Augusta (United States) (AFP) - Tommy Fleetwood is no one's favorite to win the 81st Masters, but the understated 26-year-old Englishman with the flowing locks and the tidy short game won't let that get him down.
Favorites have a habit of coming unstuck at the Masters and this year all eyes are on what the course holds for world number one Dustin Johnson, whose form puts him way ahead of all contenders here.
"But I have beaten him," boasts soft-spoken Fleetwood, who slid to around 200th in the world rankings last year before a run of superb results vaulted him inside the top 50 and earned him a place at the world's most elite golf tournament for the first time.
"He's getting good, that's for sure," joked Fleetwood of Johnson, 32, who captured his first major title at last year's US Open at Oakmont, and has won three events in a row in the run up to Augusta: at Riviera in February and last month's WGC Mexico and the WGC Match Play in Texas.
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"It's very very impressive what he is doing," said Fleetwood. "I think there are not been too many runs like he's had. I think Rory (McIlroy) did it when he won the Open and the PGA at Bridgestone. Tiger did it a few times. But he's in some pretty elite company at the moment with how he's playing."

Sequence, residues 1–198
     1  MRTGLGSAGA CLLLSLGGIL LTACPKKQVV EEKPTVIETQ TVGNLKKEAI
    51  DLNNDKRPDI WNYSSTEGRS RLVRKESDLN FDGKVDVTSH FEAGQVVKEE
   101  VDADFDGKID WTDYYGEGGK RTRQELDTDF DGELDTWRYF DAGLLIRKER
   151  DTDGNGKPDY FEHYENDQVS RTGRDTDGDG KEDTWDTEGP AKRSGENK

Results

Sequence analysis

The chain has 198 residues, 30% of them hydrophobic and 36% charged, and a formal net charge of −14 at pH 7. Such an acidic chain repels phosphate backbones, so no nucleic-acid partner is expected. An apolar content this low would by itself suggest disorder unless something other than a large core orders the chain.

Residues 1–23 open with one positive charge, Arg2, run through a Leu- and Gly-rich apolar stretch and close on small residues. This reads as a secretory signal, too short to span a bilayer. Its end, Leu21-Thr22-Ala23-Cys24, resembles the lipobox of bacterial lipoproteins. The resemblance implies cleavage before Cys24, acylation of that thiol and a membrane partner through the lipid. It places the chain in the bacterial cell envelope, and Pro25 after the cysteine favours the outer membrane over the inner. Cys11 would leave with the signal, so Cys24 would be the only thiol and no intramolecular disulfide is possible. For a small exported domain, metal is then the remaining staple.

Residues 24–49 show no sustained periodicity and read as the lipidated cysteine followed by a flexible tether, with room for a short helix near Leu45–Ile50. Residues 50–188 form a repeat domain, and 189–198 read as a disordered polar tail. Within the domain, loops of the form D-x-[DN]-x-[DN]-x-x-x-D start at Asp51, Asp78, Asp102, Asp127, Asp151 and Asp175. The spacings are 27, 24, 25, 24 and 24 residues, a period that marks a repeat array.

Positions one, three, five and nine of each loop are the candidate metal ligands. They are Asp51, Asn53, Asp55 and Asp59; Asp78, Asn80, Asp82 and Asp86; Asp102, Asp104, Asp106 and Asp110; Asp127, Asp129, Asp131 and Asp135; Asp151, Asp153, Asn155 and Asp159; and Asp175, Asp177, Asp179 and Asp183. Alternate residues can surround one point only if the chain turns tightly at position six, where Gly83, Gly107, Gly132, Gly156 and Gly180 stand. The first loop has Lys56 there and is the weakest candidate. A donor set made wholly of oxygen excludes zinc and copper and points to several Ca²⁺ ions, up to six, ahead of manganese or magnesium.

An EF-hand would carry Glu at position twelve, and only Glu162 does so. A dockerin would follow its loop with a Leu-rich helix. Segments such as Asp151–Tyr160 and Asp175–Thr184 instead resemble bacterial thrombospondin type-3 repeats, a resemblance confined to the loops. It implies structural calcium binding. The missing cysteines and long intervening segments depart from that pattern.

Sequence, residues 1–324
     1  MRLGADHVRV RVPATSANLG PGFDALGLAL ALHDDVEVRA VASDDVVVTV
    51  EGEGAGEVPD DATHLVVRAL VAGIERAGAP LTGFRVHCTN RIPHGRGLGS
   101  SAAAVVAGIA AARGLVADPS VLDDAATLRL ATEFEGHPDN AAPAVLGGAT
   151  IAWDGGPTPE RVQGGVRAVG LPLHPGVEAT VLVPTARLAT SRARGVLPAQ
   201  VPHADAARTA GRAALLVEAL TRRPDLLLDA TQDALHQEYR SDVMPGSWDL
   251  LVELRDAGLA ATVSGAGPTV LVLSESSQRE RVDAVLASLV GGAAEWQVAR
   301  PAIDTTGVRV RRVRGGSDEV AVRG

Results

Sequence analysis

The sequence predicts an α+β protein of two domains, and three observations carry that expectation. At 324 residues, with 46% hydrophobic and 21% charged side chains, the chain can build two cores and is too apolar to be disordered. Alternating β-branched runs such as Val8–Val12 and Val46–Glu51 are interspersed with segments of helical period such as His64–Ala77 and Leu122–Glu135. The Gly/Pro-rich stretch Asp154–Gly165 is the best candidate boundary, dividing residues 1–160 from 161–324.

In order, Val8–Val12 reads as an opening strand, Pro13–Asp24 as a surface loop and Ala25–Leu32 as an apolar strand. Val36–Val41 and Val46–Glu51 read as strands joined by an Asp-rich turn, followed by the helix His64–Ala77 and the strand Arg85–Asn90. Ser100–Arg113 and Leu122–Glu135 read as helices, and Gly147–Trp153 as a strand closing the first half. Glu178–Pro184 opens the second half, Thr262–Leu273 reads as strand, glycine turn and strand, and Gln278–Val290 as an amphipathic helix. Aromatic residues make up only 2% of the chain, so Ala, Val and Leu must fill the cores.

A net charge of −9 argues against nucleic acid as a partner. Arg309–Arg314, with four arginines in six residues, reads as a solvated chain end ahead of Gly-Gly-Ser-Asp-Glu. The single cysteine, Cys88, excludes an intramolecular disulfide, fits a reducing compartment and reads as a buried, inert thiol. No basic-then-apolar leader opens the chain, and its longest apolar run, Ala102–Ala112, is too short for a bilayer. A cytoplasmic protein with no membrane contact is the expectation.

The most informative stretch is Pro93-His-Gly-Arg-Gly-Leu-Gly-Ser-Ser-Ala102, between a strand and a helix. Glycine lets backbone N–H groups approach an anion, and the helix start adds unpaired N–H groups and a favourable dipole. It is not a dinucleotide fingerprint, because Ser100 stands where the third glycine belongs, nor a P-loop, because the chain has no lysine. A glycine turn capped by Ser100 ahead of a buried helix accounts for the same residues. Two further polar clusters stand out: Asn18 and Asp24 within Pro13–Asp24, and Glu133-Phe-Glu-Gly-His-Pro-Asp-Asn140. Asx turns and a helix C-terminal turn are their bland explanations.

Even so, Fleetwood, whose trademark long hair flows down from his baseball cap, beat Johnson by one stroke to win in Abu Dhabi in January and then was runner-up to the 32-year-old Texan at the WGC Mexico in March.
Still, a smiling Fleetwood said he does not expect that Johnson was running scared.
"I mean, he's not very massively on my radar. I can't really think about what he is doing," he said smiling.
"I'm sure he can do stuff that I can't and I'm sure if you sat here and asked him if he was worried about me, he wouldn't say..."
The son of a tarmac layer from humble origins in the northern England town of Southport says he is in with a chance.
"I'm not going to sit here an say I expect to win. But you never know," he said.
He said Augusta's course is "forgiving" off the tee and hard round the greens, where a precise short game comes in handy.
"That's what it comes down to, being precise with your irons," said Fleetwood, not among the big hitters on the tour. "It's not only the power hitters that win... and if you are on your game and your irons are very precise, then you can use it to your avantage."
In the meantime, he intends to put every possible advantage on his side by teaming up with past Masters champion Fuzzy Zoeller at the traditional Par-3 Contest the day before Thursday's first round.
Not since Zoeller's 1979 triumph has a first-time Masters player won the title.
"He's the only (modern) one that has won the first time so I thought that might give me some vibes," he said.